Malaysian authorities say militant groups like the so-called "Islamic State" have used social media to entice at least three dozen Malaysian Muslims to fight in what they call "jihad" in Syria and Iraq. As Mahi Ramkrishnan reports from Kuala Lumpur, counterterrorism police are deeply worried about what could happen when these militants return home.
Video

Video Malaysia Struggles to Stop People Joining Jihad

Malaysian authorities say militant groups like the so-called "Islamic State" have used social media to entice at least three dozen Malaysian Muslims to fight in what they call "jihad" in Syria and Iraq. As Mahi Ramkrishnan reports from Kuala Lumpur, counterterrorism police are deeply worried about what could happen when these militants return home.
Video

Video Could US Have Done More to Stop Rise of Islamic State?

President Obama says airstrikes against Islamic State militants in Syria will likely continue for some time because, in his words, "there is a cancer that has grown for too long." So what if President Obama had acted sooner in Syria to arm more-moderate opponents of both the Islamic State and the Syrian government? VOA State Department Correspondent Scott Stearns reports from the United Nations.
Video

Video Treasure Hunters Seek 'Hidden Treasure' in Central Kenya

Could a cave in a small village in central Kenya be the site of buried treasure? A rumor of riches, left behind by colonialists, has some residents dreaming of wealth, while others see it as a dangerous hoax. VOA's Gabe Joselow has the story.
Video

Video Iran's Rouhani Skeptical on Syria Strikes

Iranian President Hassan Rouhani expressed skepticism Friday that U.S.-led airstrikes in Iraq and Syria could crush Islamic State militants. From New York, VOA’s Margaret Besheer reports the president was also hopeful that questions about Iran’s nuclear program could be resolved soon.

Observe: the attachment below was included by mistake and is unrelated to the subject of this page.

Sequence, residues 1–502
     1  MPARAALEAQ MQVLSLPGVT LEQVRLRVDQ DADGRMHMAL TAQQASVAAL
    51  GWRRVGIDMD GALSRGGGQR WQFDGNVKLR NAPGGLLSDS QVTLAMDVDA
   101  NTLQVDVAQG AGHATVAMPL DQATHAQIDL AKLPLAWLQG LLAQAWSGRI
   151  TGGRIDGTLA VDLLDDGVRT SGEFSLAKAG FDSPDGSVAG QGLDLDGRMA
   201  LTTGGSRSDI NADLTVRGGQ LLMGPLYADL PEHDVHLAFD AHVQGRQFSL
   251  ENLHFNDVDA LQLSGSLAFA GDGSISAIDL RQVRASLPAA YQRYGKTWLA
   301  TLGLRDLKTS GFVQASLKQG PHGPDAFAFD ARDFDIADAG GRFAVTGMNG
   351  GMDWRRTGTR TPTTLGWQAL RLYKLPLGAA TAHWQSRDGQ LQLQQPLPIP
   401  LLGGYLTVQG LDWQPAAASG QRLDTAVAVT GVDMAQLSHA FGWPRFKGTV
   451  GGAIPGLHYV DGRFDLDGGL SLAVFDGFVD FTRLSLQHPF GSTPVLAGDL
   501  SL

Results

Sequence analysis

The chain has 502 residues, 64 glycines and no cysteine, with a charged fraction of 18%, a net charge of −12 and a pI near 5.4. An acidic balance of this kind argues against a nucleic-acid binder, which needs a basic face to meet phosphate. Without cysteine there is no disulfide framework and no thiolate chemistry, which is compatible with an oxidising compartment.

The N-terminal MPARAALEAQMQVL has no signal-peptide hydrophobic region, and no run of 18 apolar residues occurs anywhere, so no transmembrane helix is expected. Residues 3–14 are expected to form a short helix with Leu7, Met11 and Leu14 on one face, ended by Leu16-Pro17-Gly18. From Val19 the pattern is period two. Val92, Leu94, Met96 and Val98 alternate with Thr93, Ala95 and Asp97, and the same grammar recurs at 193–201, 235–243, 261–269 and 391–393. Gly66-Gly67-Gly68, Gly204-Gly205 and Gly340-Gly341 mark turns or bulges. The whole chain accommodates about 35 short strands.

Video

Video US House Speaker: Congress Should Debate Authorization Against IS

As wave after wave of U.S. airstrikes target Islamic State militants, the speaker of the Republican-controlled House of Representatives says he would be willing to call Congress back into session to debate a formal, broad authorization for the use of military force. VOA’s Michael Bowman reports from Washington, where legislators left town 10 days ago for a seven-week recess.
Video

Video Ebola Patients Find No Treatment at Sierra Leone Holding Center

At a holding facility in Makeni, central Sierra Leone, dozens of sick people sit on the floor in an empty university building. They wait in filthy conditions. It's a 16-hour drive by ambulance to Kailahun Ebola treatment center. Adam Bailes was there and reports on what he says are some of the worst situations he has seen since the beginning of this Ebola outbreak. And he says it appears case numbers may already be far worse than authorities acknowledge.
Video

Video Identifying Bodies Found in Texas Border Region

Thousands of immigrants have died after crossing the border from Mexico into remote areas of the southwestern United States in recent years. Local officials in south Texas alone have found hundreds of unidentified bodies and buried them in mass graves in local cemeteries. Now an anthropologist and her students at Baylor University have been exhuming bodies and looking for clues to identify them. VOA’s Greg Flakus has more from Waco, Texas.
Video

Video Ebola Robs Liberians of Chance to Say Good-Bye to Loved Ones

In Liberia, where Ebola has killed more than 1,500 people, authorities have worked hard to convince people to allow specialized burial teams to take away dead bodies. But these safety measures, while necessary, make it hard for people to say good bye to their loved ones. VOA's Anne Look reports on the tragedy from Liberia.
Colonel Steve ‘Spiros’ Pisanos left Greece and came to the U.S. to learn to fly. He flew fighters for the Allies in World War II, narrowly escaping death multiple times.Colonel Steve ‘Spiros’ Pisanos left Greece and came to the U.S. to learn to fly. He flew fighters for the Allies in World War II, narrowly escaping death multiple times.

AppleAndroid